Step #5 – Gather Market Intelligence  

In line with an ABM approach, gathering deep market intelligence can help you be more effective when selecting the accounts you want to focus on.  Understanding their buy versus build history, the companies they are currently partnered with, their technology infrastructure, types of end-user customers, geographical footprint, annual turnover, etc are the types of indicators that need to be explored in order to gauge the potential interest level of the ISV to opt for your OEM program.  This intelligence-gathering exercise should be continually updated at least once a quarter since ISVs grow, receive new rounds of funding, initiate new projects, and go through with mergers & acquisitions that change the competitive landscape. Having a system in place for this kind of monitoring will help ensure that not only are you focusing your efforts on the right list of accounts, but it will also give your sales team valuable information for individualized pitches.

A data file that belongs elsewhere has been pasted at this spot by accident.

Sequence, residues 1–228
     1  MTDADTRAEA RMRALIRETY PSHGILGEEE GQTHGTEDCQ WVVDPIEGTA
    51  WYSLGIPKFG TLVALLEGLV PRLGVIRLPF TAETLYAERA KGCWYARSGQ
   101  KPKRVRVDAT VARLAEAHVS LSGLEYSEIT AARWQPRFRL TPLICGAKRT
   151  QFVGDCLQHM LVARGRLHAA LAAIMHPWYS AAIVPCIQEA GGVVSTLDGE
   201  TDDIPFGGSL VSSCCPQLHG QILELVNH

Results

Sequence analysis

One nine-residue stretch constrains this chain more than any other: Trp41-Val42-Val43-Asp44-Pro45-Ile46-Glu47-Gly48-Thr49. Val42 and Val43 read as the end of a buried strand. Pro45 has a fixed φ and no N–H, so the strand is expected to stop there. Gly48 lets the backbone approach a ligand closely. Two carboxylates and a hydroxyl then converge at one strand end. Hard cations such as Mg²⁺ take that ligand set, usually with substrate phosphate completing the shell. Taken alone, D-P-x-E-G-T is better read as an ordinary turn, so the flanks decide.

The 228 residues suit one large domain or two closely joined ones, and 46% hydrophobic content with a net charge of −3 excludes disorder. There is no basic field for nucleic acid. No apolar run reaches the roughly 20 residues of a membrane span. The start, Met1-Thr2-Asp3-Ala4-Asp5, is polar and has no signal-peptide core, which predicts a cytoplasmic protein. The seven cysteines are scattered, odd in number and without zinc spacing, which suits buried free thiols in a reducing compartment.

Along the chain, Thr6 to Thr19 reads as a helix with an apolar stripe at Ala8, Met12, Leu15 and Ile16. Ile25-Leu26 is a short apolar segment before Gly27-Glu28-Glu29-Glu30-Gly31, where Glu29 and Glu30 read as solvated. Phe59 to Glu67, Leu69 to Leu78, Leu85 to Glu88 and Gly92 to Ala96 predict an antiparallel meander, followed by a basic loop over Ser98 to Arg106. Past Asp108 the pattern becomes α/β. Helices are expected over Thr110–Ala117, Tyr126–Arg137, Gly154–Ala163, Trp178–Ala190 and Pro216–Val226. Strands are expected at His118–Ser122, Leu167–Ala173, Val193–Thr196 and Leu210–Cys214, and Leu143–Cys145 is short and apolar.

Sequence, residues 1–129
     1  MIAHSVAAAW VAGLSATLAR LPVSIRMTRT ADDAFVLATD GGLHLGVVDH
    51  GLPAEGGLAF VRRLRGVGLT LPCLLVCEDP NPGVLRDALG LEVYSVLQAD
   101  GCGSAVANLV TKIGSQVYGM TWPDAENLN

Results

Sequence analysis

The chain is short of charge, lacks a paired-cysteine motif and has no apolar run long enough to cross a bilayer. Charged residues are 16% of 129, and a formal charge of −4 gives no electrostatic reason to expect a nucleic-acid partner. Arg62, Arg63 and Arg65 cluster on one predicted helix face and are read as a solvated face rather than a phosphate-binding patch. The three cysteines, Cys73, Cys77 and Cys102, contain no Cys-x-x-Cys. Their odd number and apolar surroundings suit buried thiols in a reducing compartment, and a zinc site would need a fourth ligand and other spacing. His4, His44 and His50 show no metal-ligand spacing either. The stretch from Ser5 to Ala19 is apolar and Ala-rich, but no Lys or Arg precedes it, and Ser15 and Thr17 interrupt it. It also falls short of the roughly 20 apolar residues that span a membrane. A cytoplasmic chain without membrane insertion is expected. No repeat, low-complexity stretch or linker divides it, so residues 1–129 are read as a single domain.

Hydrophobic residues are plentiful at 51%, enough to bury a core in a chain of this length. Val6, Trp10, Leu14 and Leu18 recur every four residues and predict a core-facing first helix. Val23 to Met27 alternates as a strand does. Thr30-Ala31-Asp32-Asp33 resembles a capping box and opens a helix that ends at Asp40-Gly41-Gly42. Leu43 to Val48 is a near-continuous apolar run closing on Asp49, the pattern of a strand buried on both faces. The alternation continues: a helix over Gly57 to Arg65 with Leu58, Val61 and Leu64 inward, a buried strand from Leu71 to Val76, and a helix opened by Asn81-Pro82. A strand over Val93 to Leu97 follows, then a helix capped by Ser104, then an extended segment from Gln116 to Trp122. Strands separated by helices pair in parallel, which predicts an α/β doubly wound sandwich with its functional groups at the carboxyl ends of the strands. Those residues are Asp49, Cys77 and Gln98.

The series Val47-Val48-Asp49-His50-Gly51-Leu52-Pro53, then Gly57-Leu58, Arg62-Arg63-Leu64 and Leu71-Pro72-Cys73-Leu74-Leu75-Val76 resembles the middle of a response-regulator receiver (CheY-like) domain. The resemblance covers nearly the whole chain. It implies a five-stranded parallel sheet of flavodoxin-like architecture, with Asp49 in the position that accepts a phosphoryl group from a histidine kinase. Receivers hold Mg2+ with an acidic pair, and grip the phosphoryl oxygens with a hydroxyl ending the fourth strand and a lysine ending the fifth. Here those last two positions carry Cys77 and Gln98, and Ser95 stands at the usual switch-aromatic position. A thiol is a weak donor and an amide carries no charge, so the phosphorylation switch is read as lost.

In conclusion, if you want to choose the best ISVs for your OEM program, you still need to create more visibility for your offer across channels.  Repositioning your value prop, creating ISV-centric content, and doing your homework to know which ISVs hold the most potential for your business and why are a critical part of the process. 

If you are looking for more ISV-OEM sales strategies that work, or if you do not currently have an OEM program and are looking to build one, we can help provide you with the strategic counsel you need to get started.  Contact us for more information by writing to us at: